When we reached Panorama Point, a section of the trail where you can see fantastic views of the Colorado River, we were all very excited. The river was a muddy brown this time—on our first trip it was a bright green—the brown tone most likely due to snow melt. At any rate, Dar thought it was really cool that she had made it that far without a problem, and we did too. Pick then pointed out the Phantom Ranch far below us and we all braced ourselves for the rest of the hike. As we got closer to Black Bridge, a suspension bridge that spans the Colorado, my knees started to give me trouble (as usual) and Dar’s legs were a little tired, but she was still going strong—Pick was in great shape and had no complaints. We finally reached the bridge and crossed the river with anticipation, eagerly waiting for the moment when we could ditch our backpacks at the Bright Angel Campground. Shortly thereafter, we arrived at the campground nearly five hours and thirty minutes after starting our hike—with just a few minutes to spare before dinner. Quickly, we stashed our gear at the campground and then headed to the cantina for dinner.

    Dinner at the Phantom Ranch is an experience in and of itself, one that brings people of all walks of life together in order to share a good meal and tales of adventure—an experience well worth the price of around thirty dollars each. The dinner, served family style, provides the perfect setting for making new friends—we met some nice people from Minnesota who had taken the mule trip to the bottom. As we enjoyed our steak dinners, we exchanged impressions of the Grand Canyon and our journey so far, and then when dinner was over we headed back to our campsite and set up our tent. That evening, we went to a ranger lead program entitled “Search and Rescue” that began at 7:30pm—it was a great program and it passed the time well. That night we dropped off to sleep peacefully, gazing skyward through the screened roof of our tent towards the millions of stars that filled the sky—the perfect nightlight!

     We awoke the next morning with tired sore legs but feeling rested and ready to go. We ate breakfast at 7:00am and then packed up the tent and headed for the Bright Angel Trailhead. The climb out of the canyon is always very strenuous and our packs were heavy, but we were ready to tackle the challenge. The trail was gorgeous with wild flowers in bloom all around us, and the weather was once again perfect. Thanks to the optimal conditions, it seemed like we made it to Indian Gardens in no time. Indian Gardens, an oasis of shady Cottonwood trees, is the perfect place to stop and eat lunch on your way to the rim—we allowed ourselves a one hour break at this beautiful location 4.4 miles below the rim.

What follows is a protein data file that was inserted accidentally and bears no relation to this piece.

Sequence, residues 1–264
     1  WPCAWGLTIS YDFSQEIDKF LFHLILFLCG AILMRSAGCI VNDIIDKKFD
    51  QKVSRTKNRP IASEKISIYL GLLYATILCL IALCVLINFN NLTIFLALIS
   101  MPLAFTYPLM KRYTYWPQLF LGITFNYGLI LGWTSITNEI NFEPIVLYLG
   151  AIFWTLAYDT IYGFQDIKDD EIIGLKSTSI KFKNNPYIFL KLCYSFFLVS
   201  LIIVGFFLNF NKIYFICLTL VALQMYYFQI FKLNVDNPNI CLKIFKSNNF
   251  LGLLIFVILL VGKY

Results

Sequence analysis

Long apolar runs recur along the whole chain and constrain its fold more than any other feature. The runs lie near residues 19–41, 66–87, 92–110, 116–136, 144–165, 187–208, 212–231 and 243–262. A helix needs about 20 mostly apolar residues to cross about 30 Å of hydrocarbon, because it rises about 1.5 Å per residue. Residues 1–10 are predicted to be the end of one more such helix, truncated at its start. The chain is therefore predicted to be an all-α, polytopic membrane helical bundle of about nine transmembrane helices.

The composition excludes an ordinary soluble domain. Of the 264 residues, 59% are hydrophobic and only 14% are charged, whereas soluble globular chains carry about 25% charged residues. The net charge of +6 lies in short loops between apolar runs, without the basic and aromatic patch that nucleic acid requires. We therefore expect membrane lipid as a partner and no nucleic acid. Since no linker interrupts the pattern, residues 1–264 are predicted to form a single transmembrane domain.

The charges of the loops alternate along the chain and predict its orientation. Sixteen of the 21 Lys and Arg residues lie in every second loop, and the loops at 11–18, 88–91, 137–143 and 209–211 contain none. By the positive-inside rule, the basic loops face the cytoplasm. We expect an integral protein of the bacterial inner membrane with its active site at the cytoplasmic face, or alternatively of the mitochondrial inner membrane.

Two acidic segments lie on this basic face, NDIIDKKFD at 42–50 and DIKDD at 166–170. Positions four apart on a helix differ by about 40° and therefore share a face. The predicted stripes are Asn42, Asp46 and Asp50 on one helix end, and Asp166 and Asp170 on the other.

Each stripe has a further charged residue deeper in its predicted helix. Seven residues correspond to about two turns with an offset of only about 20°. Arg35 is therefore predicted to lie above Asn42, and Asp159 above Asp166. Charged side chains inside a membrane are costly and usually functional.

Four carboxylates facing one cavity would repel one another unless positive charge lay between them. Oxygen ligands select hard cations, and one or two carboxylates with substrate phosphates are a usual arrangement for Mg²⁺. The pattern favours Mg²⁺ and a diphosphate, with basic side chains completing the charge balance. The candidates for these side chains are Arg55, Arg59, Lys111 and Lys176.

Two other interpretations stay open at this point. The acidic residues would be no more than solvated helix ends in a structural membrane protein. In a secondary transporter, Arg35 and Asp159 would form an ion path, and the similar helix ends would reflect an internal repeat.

The rest of the hike out was tiring and painful, but we made it in great time—it only took us 9 hours to get to the rim, whereas, on our first trek, it had taken us 11 hours—of course, we were fighting sweltering temperatures and heatstroke on that hike. Nonetheless, we were delighted with the pace Dar was keeping, and it must be said that she is an excellent hiker—one we are proud to call our own. She hiked the canyon with stamina and dignity, and I can only hope that I can manage that myself in another 20 years—congratulations to you Dar!

     Our second journey into the Grand Canyon’s Inner Gorge was no less spectacular than our first, and I am sure that it will not be our last. The stunning beauty, fascinating geology, and spectacular hiking opportunities combine to make a paradise for the outside explorer. It is a place where you can feel special and invisible at the same time. In reality, if you feel special when you hike to the bottom of the Grand Canyon, it is because you truly are—a ranger told us that we should consider ourselves part of an elite group, because out of the 5 million visitors to the Grand Canyon each year, only 1% venture down to the bottom!




(Click here for 2000)